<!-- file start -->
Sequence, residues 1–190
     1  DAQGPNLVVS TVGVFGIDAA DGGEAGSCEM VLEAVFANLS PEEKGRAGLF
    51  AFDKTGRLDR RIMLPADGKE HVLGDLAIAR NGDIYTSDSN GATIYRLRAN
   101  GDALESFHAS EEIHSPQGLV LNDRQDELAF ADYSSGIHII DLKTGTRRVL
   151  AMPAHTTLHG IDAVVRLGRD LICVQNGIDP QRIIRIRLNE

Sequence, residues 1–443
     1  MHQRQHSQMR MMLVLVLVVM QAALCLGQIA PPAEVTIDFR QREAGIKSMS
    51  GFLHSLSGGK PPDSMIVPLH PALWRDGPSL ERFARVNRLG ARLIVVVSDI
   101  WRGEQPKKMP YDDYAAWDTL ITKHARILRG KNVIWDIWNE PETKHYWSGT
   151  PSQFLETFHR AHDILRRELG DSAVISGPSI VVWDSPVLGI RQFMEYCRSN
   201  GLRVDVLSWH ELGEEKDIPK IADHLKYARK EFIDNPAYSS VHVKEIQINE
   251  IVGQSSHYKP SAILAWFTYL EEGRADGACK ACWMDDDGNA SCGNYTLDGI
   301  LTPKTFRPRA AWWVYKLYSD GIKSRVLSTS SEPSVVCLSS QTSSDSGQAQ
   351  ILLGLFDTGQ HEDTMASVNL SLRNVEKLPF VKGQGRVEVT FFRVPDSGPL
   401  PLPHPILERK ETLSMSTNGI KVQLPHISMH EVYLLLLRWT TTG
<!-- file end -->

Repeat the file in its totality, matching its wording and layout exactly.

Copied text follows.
Sequence, residues 1–190
     1  DAQGPNLVVS TVGVFGIDAA DGGEAGSCEM VLEAVFANLS PEEKGRAGLF
    51  AFDKTGRLDR RIMLPADGKE HVLGDLAIAR NGDIYTSDSN GATIYRLRAN
   101  GDALESFHAS EEIHSPQGLV LNDRQDELAF ADYSSGIHII DLKTGTRRVL
   151  AMPAHTTLHG IDAVVRLGRD LICVQNGIDP QRIIRIRLNE

Sequence, residues 1–443
     1  MHQRQHSQMR MMLVLVLVVM QAALCLGQIA PPAEVTIDFR QREAGIKSMS
    51  GFLHSLSGGK PPDSMIVPLH PALWRDGPSL ERFARVNRLG ARLIVVVSDI
   101  WRGEQPKKMP YDDYAAWDTL ITKHARILRG KNVIWDIWNE PETKHYWSGT
   151  PSQFLETFHR AHDILRRELG DSAVISGPSI VVWDSPVLGI RQFMEYCRSN
   201  GLRVDVLSWH ELGEEKDIPK IADHLKYARK EFIDNPAYSS VHVKEIQINE
   251  IVGQSSHYKP SAILAWFTYL EEGRADGACK ACWMDDDGNA SCGNYTLDGI
   301  LTPKTFRPRA AWWVYKLYSD GIKSRVLSTS SEPSVVCLSS QTSSDSGQAQ
   351  ILLGLFDTGQ HEDTMASVNL SLRNVEKLPF VKGQGRVEVT FFRVPDSGPL
   401  PLPHPILERK ETLSMSTNGI KVQLPHISMH EVYLLLLRWT TTG